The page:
No human being is illegal.

  • SolarPal

    Heartbreaking photos. Such small items to be taken away from people seeking a better life. It feels like Abu Ghraib all over again. Dick Cheney’s legacy and cohorts. Hopefully no waterboarding, but exhibitions of demeaning with power and control.

  • Janet McGuinness Pierce

    How do you throw away Rosary beads, much less confiscate them? Afraid they’ll novena their way out of the country?

  • Kent Betts

    Yeah, somewhere where they aren’t surrounded by a lot of Mexicans.

  • Kent Betts

    Mexicans are already ashamed of being Mexicans …. I think we’ll leave it at that.

  • Kent Betts

    Yeah, like there is a shortage of ignorance and superstition nowadays.

  • MadameAlto .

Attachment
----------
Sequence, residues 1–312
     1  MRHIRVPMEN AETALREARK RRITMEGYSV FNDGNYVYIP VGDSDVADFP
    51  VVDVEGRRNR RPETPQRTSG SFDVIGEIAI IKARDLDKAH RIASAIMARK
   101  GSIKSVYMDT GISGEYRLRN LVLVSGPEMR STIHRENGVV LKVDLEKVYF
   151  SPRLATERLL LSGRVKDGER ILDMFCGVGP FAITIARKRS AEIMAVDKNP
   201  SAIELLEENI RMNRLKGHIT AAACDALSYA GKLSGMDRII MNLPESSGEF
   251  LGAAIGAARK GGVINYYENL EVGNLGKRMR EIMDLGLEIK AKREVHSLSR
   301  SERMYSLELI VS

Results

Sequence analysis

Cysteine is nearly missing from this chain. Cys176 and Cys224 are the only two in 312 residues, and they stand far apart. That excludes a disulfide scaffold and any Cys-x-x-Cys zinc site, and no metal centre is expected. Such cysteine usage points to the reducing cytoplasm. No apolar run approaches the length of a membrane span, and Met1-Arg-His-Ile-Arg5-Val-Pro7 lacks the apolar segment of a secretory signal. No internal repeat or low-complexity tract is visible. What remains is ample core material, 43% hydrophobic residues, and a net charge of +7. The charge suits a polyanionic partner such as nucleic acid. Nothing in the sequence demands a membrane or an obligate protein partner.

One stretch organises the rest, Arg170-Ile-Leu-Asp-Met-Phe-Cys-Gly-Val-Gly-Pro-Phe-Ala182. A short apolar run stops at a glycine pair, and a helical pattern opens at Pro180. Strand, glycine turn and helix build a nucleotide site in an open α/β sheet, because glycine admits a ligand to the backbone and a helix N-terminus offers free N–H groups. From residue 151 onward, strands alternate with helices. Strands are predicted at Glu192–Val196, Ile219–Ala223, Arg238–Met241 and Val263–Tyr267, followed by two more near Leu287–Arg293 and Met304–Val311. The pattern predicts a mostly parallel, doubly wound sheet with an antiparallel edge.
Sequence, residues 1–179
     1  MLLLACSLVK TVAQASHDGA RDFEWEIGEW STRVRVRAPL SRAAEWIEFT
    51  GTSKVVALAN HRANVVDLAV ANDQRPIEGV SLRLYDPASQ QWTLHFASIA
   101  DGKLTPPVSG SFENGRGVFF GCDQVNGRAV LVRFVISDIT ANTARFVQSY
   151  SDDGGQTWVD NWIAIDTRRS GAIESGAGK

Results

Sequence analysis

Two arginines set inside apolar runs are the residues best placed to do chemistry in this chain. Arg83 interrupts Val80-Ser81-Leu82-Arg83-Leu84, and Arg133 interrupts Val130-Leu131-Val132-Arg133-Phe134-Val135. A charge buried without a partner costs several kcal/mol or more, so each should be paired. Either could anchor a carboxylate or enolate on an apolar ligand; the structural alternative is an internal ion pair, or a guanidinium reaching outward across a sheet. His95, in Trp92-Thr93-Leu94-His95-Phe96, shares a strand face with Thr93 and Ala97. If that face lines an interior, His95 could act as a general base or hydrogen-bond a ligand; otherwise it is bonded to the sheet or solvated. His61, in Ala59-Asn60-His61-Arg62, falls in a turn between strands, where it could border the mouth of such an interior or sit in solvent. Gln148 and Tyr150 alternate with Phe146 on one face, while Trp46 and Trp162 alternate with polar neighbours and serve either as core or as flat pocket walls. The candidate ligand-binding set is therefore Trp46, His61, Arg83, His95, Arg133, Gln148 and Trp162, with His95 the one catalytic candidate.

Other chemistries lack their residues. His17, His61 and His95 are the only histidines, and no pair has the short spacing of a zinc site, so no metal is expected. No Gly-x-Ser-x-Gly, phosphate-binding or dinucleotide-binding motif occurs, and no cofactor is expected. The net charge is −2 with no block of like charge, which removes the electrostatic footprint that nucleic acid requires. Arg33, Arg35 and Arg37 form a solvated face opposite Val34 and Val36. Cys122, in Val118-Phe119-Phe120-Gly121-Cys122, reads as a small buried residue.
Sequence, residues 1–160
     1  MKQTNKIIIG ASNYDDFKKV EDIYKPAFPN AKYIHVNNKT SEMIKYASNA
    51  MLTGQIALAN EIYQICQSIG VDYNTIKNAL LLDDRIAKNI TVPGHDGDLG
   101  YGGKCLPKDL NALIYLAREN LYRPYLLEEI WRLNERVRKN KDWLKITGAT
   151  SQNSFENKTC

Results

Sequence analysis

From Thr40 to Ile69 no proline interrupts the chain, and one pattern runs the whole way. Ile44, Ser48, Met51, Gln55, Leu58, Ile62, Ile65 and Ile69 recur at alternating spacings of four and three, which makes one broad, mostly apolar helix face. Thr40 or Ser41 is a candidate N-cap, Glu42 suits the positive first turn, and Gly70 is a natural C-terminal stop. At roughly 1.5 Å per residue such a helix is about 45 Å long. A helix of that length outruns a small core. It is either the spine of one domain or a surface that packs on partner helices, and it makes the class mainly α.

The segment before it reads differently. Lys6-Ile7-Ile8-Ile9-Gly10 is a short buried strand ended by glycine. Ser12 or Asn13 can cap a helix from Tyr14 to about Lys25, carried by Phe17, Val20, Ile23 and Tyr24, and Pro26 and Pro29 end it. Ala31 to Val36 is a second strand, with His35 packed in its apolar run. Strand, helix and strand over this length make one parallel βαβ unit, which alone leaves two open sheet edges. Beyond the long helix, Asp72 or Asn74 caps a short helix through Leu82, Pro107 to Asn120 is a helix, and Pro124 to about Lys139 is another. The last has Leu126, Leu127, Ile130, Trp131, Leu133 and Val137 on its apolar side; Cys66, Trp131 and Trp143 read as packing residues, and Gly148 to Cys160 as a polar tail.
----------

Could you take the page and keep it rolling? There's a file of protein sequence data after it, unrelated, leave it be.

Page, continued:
Taking away their rosaries is about the most inhumane thing I can think of. Where’s the harm in letting them keep those? Or if they feel like they could be used as weapons, at least give them back.

  • Kyoko Sakata

    Sadly, humility and scorn I think.

  • Janet McGuinness Pierce

    Well you’ve certainly left no question about the former.

  • Kait

    Incredibly humbling.

  • Emily Walton

    That was the image that really got me. Such a tiny object, no threat to the border guards and of deep personal significance to the owner; there’s literally no reason to confiscate it except to debase the victim.

  • Jolene Ladd

    Thankyou so much for doing this,i lost all to fire last july,i barely remember whwere my clothes came from,cant imagine all these people losing their precious belongings as i did,sad,

  • dragonfly310

    I think this is an issue of safety. When a large amount of people are huddled together in a small area, you don’t want them having weapons. Sad to say, but even a rosary can be turned into a weapon. It would be very easy to wrap a rosary around someone else’s throat and choke him with it.